If you are a SAHM interested in thinking about the role of women in the home as opposed to the workforce I strongly encourage you to check out this post. It will be a far better use of your time than what you will find here. Thanks!
I am ashamed of my job. I am not ashamed of my work, because I am enough of a New Englander to know that one should be ashamed of being ashamed of honest work, but I am ashamed of my job. I am a glorified secretary, and there is nothing cool about that.
I am incredibly thankful for my job. I am somehow able to be employed in a great position even though I can barely think most days. And really, I don’t expect to ever find my life’s meaning in what I do, so I do not especially care about whether I am proud or ashamed of my job. But I am still ashamed of it.
Every other day it seems I hear women talking about housework and childcare as opposed to meaningful, paid jobs. Sometimes there will be a reminder about the women who must work to support their families, but for the most part it is wives of men with cool jobs who consider what it would be like if they too had a fulfilling job instead of solely managing the domestic sphere.
These women often hurry to reassure others (and perhaps themselves) that they could have fabulous jobs, if only they had not chosen to stay home with their children. Then they will discuss the various merits of their feminine sphere and take note of the many sources of pain from those who fail to appreciate their work.
Of course the funny thing is that I have rarely in my life encountered anyone who does not appreciate the value of women who dedicate themselves, at least for a few years, entirely to their children. For every person I have encountered who finds SAHMs less than impressive, I have seen 100 more who will lambaste a mother for daring to even consider working outside the home before her child is in school.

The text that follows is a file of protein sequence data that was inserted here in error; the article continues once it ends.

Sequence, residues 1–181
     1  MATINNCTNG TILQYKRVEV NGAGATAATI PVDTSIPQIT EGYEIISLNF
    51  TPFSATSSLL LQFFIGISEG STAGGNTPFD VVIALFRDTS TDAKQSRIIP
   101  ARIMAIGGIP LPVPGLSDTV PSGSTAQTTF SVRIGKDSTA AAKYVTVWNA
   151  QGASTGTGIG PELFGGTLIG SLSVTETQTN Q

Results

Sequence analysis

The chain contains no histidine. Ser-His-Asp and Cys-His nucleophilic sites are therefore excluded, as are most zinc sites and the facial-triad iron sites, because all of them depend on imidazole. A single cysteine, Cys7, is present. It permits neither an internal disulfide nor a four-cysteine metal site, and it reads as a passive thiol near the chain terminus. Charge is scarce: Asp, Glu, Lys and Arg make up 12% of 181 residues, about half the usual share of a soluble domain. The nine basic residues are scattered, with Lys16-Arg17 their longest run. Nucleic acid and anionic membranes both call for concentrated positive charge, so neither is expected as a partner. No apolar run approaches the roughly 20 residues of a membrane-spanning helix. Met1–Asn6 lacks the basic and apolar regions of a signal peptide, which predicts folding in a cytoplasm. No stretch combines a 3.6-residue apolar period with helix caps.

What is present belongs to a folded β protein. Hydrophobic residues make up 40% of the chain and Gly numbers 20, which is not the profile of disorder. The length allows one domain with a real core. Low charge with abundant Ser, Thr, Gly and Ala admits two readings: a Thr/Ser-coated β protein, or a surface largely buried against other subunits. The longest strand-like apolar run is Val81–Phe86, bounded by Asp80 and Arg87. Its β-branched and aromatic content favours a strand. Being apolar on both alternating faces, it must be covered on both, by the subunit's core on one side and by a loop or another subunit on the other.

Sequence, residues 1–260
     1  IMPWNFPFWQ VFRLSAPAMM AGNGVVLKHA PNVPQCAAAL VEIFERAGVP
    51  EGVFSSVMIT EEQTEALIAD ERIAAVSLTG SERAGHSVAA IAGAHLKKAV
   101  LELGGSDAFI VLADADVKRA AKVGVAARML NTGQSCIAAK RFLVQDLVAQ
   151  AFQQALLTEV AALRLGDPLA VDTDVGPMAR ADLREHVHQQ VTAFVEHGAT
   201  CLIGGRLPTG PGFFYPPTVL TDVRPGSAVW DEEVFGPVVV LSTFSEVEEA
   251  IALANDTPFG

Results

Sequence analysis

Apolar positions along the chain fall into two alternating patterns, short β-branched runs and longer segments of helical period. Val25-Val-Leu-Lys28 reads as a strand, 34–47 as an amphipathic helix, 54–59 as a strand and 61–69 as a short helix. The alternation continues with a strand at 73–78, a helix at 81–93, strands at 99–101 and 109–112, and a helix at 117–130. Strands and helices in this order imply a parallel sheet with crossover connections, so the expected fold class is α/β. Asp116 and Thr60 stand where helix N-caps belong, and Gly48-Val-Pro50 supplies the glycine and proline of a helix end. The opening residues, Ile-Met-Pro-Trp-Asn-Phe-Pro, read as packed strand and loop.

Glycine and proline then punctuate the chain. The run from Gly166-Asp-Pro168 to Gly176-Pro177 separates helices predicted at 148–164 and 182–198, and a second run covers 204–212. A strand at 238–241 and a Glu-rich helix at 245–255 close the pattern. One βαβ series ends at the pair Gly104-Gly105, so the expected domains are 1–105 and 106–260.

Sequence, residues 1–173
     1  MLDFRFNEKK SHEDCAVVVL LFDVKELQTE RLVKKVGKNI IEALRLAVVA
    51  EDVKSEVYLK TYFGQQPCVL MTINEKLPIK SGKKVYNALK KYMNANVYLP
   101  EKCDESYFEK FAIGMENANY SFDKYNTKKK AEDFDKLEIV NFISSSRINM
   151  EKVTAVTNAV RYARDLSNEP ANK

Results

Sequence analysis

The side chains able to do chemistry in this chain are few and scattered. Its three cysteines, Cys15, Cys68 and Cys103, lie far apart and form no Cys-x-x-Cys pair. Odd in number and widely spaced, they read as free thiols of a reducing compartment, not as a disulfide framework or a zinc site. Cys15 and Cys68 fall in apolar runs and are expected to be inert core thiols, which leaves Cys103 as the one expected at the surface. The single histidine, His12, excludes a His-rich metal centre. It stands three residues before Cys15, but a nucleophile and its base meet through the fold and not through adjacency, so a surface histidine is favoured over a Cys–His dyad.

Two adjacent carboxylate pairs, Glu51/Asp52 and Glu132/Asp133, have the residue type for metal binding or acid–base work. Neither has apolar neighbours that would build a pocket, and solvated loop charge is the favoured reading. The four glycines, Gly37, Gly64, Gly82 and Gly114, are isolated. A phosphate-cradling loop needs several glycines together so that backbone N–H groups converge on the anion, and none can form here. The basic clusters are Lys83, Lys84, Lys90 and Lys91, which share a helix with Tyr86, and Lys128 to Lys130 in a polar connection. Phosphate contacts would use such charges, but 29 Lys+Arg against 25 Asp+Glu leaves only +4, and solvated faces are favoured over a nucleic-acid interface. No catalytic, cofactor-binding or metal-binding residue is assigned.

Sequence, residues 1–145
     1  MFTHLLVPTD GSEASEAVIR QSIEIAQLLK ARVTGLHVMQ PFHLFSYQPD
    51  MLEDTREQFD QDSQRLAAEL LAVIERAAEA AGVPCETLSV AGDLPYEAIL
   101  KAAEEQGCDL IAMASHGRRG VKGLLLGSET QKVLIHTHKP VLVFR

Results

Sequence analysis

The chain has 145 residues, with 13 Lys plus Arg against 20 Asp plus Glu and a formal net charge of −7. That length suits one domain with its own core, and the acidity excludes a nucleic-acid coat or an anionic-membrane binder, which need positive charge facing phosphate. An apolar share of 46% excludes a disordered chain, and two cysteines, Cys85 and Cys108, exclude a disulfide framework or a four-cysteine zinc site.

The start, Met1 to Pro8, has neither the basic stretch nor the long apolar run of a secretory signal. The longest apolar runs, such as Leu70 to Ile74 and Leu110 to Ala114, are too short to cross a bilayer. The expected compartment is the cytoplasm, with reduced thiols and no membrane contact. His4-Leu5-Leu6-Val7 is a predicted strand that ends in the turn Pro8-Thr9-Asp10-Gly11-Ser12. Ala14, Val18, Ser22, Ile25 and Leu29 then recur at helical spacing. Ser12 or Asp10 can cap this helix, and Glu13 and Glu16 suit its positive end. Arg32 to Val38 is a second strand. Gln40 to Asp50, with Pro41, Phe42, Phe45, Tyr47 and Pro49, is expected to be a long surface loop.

I am quite enthralled with these arguments and find them most fascinating, even though they have little impact on my life. Because, you see, I am one of the multitude of women who belongs to neither the SAHM nor the cool-job sphere.
I have a college degree, but in my case that has turned into a little money without any coolness whatsoever. Many of my peers get paid less for the exact same work, but they can describe themselves as working in non-profit development or whatever and know that in a few years they will have an even cooler title.
The people for whom I work are classy enough to not need to set themselves above me. There is such a tremendous gap and they are so established that they have nothing to prove. But they are rare.
Back in the rest of the world I frequently see women who feel the need to specify when a colleague is a secretary even when it has no relevance to their story. Ironically enough, it is only by finding a way to identify primarily as mother that women such as myself could possibly be considered as an equal. I do not typically feel ashamed of my job around these people because I see them as slightly deformed for feeling the need to demote others in order to raise themselves up by comparison.
But there is such shame when it comes to former classmates. They are fabulous people who value all sorts of variation on vocation. Not only is being a SAHM an obviously respected option, it is even fine to work at a coffee shop while supporting one’s hobbies. The only thing that is shameful is to have a job purely for money–without making an insane amount of it.
I have no problem with supporting others, and so I have no difficulty with my day-to-day life at my job. But I do find it funny that a subculture which talks so much about glorifying the service of a SAHM is unable to even see the existence of women who have less-than-thrilling paid employment.
It just so happens that I value myself as a human being, and thus do not deeply absorb the shame of my job. Yet I cannot help thinking that there is something a little off about those who claim to have a high appreciation of women, but then only recognize our value when we either dominate the domestic sphere or else have awesome jobs outside the home. Anything else is too shameful to even be recognized.
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